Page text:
Yet, as detailed above, Rome was undergoing a major period of expansion and had just seized control of southern Italy. As history had shown, southern Italy was open to attack from both mainland Greece (Epirus), but also from Sicily. In the period 390–386 BC Dionysius, the Tyrant of Syracuse, had invaded and conquered much of southern Italy, adding it to his greater Syracusan empire.¹² Having conquered southern Italy, Dionysius then used it as a launch pad to invade Epirus itself, to place a puppet on the throne. Therefore, strategically, no control of southern Italy would be secure without securing its eastern and western flanks (Epirus and Sicily). The Mamertine appeal thus gave Rome the excuse they needed to intervene and the prospect of Carthaginian control of Messina provided the motivation. Thus, for the first time, Rome embarked upon an overseas war.

During the early years of the war, Rome experienced a number of successes. They moved swiftly from the conquest of Messina to a siege of Syracuse itself, but fared no better than either the Athenians or the Carthaginians had over the centuries. However, what they could not achieve through force of arms they achieved through diplomacy when Hiero, now Tyrant of Syracuse, was persuaded to break his alliance with Carthage and conclude a treaty with Rome instead. Thus, within a year of the war’s outbreak Rome had secured both Messina and Syracuse and had isolated Carthage.

The Romans built on this success and 262 BC saw Rome storm the city of Agrigentum, a key Carthaginian base on the southern Sicilian coast. From this high point, however, the war in Sicily became one of attrition, with the Carthaginians wisely avoiding open battle on land. In an attempt to gain the initiative in the war, Rome invested heavily in building its first wartime navy in order to tackle Carthaginian naval dominance and cut Sicily off from Carthage itself. At first the Romans proved victorious, as seen in 260 BC at the Battle of Mylae, which saw a Roman Consul, C. Duilius, celebrate the city’s first naval triumph. This was in great part due to the Roman tactic of engaging ships at close quarters, using grappling irons to tie the two ships together and then sending marines across to secure the other ship thus turning a naval engagement into an infantry one.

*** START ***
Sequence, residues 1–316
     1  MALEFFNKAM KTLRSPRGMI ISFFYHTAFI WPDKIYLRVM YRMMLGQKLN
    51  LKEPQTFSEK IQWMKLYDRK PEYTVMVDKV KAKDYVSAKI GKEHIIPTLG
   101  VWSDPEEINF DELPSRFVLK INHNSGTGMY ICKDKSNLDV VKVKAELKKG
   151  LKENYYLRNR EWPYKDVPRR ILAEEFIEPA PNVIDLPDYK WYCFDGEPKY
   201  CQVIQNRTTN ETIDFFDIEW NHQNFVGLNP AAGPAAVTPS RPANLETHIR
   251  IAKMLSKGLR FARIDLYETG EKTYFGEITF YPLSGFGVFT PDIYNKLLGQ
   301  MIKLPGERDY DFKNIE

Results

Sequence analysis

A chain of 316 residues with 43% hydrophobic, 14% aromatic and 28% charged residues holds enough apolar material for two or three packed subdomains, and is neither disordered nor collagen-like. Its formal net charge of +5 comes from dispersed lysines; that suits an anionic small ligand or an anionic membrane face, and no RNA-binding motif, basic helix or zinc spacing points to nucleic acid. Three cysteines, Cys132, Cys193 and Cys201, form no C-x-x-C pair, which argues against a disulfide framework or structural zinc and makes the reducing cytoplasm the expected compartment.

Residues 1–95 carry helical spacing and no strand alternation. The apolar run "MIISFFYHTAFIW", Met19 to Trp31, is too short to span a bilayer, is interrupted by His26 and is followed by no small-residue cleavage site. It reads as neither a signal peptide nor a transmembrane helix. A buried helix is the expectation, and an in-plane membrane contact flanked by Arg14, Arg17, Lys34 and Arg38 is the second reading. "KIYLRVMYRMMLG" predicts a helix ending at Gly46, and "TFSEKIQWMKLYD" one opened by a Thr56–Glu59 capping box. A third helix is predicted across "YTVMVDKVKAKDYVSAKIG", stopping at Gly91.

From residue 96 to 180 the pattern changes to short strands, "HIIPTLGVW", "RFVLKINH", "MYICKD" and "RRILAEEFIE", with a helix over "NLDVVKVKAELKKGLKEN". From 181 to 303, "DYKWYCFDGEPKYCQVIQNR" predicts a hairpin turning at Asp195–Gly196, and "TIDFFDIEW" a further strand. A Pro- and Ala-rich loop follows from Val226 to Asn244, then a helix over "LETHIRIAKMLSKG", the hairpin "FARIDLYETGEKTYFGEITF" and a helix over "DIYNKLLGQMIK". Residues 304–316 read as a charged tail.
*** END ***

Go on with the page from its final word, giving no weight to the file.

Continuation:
Unfortunately for Rome, the war in Sicily had descended into a series of prolonged sieges, with the Carthaginian withdrawing to their key bases and allowing Roman forces free reign across the island’s interior. To end this stalemate in 256 BC, the Roman Consuls undertook their boldest military manoeuvre to date when L. Manlius Vulso Longus and M. Atilius Regulus led an invasion of Africa itself, in an attempt to knock Carthage out of the war. Another naval victory, at the Battle of Ecnomus, allowed the Romans to land their army in Africa. Unfortunately the Roman Army was then comprehensively defeated in the Battle of Bagradas the following year, at the hands of a Spartan mercenary commander named Xanthippus. With this bold invasion defeated, the war dragged on for another decade of Roman sieges in Sicily and naval encounters in Sicilian waters.